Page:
Throughout the years of 2017 and 2018, an abundance of romantic/coming of age films directed towards a teenage audience have been released. All having the common theme of finding true love at a young age, while also trying to survive the struggles of high school. Evidently, there has been fantastic reviews and reactions from high school aged students, due to the relatability and ideal situations these movies provide. Some of these popular movies consist of “To All the Boys I’ve Loved Before,” “Sierra Burgess is a Loser,” “Love, Simon” and “Everything, Everything.”
Movies like these have been around for a long time, making a peak in popularity during the 1980’s, casually known as the John Hughes era. This director made movies such as “Sixteen Candles,” “The Breakfast Club,” and “Pretty in Pink.” Yet, they all seem to follow a certain mold, contrary to more recent movies in this category. For example, these movies all had casts of mostly, if not all, white actors playing heterosexual characters. More recently, movies that are directed towards teens have begun to become more diverse in their casting and characters. In “To All the Boys I’ve Loved Before,” the female lead is Asian and “Love, Simon” focuses on a boy’s journey of accepting himself as a member of the LGBTQ+ community. This type of representation is fairly new to this genre of films and the directed audience has responded well.“Representation in these types of movies allow the teenagers watching to see a culture or a race or a sexuality that they normally wouldn’t have experienced in their everyday life, so I think it’s important,” said Kaitlyn Nguyen, a grade 11 student at Riverside.
1980’s teen movies’ utilization of racial stereotypes was quite common, the most evidently being the character in “Sixteen Candles” named “Long Duk Dong,” a foreign exchange student from China. He is the epitome of a negative Asian stereotype with his accent, his offensive name, mannerisms and also how there is a gong sound effect added every time he is mentioned. According to the New York Post, this movie should be “retired” solely because of how horrible this stereotyping is.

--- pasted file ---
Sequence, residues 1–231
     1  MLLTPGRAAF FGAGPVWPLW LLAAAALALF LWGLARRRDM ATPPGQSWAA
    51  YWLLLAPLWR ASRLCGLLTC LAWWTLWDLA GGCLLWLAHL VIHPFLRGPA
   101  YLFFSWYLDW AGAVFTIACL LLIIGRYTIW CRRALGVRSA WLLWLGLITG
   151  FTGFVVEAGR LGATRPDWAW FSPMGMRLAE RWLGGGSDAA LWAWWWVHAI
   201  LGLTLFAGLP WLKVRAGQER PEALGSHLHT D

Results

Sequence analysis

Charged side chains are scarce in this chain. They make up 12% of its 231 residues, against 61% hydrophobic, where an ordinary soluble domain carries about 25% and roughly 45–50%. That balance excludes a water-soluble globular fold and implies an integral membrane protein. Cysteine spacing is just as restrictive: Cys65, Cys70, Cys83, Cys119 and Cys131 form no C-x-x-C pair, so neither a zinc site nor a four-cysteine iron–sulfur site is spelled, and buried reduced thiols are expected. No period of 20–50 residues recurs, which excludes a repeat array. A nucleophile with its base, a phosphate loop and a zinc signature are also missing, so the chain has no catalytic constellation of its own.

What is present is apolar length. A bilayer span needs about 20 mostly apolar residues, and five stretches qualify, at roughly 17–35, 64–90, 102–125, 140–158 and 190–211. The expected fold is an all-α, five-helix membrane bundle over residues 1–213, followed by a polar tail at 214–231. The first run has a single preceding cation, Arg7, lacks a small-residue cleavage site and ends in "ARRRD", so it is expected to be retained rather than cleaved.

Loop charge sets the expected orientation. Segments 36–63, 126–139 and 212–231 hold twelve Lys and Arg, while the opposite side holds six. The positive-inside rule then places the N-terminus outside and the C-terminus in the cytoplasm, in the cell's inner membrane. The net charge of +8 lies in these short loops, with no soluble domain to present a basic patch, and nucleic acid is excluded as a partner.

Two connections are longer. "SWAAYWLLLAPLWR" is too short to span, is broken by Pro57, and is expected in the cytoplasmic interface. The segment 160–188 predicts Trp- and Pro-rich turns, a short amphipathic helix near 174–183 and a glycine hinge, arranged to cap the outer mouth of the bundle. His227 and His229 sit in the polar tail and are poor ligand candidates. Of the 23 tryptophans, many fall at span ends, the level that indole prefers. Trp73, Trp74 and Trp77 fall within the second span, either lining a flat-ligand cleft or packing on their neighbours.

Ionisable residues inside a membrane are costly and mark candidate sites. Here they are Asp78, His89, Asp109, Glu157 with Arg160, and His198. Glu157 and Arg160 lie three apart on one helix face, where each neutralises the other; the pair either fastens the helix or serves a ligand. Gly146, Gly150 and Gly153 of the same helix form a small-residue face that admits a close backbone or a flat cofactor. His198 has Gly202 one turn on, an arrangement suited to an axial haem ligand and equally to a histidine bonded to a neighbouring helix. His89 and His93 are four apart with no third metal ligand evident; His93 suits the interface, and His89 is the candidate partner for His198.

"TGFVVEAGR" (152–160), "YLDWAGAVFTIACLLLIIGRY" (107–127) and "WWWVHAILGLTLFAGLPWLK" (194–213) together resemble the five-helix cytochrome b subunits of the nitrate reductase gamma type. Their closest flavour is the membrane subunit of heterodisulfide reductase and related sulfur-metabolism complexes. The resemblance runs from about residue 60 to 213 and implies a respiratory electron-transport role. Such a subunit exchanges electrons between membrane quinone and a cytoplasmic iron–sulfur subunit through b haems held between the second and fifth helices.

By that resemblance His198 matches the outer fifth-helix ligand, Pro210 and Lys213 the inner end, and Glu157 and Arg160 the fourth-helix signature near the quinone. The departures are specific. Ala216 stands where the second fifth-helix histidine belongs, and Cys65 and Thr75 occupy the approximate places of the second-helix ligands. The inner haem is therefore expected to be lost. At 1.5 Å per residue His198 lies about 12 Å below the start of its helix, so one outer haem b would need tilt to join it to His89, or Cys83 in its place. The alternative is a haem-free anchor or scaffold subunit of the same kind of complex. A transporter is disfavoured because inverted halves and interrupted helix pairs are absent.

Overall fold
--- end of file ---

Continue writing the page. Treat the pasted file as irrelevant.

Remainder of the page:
Nowadays, situations that movies revolve around have greatly changed since the 1980’s. They have evolved from the youth’s day to day routines and interests. In 2018, technology plays a big part in teen movies. For example, “Sierra Burgess is a Loser” is a story about a girl who catfishes (pretends she is someone else on the internet) a boy who she is in love with, so that he falls in love with her. Technology is a part of almost all teen movies, showcasing relationships progressing by their amount of texting, Facetiming and Snapchatting.
Back in the day, when movies directed towards young people where blatantly racist, sexist, and homophobic, they greatly influenced people’s views on others different from them. The movies today shape teen’s social values as well as their outlook on others, due to the diversity and acceptance shown.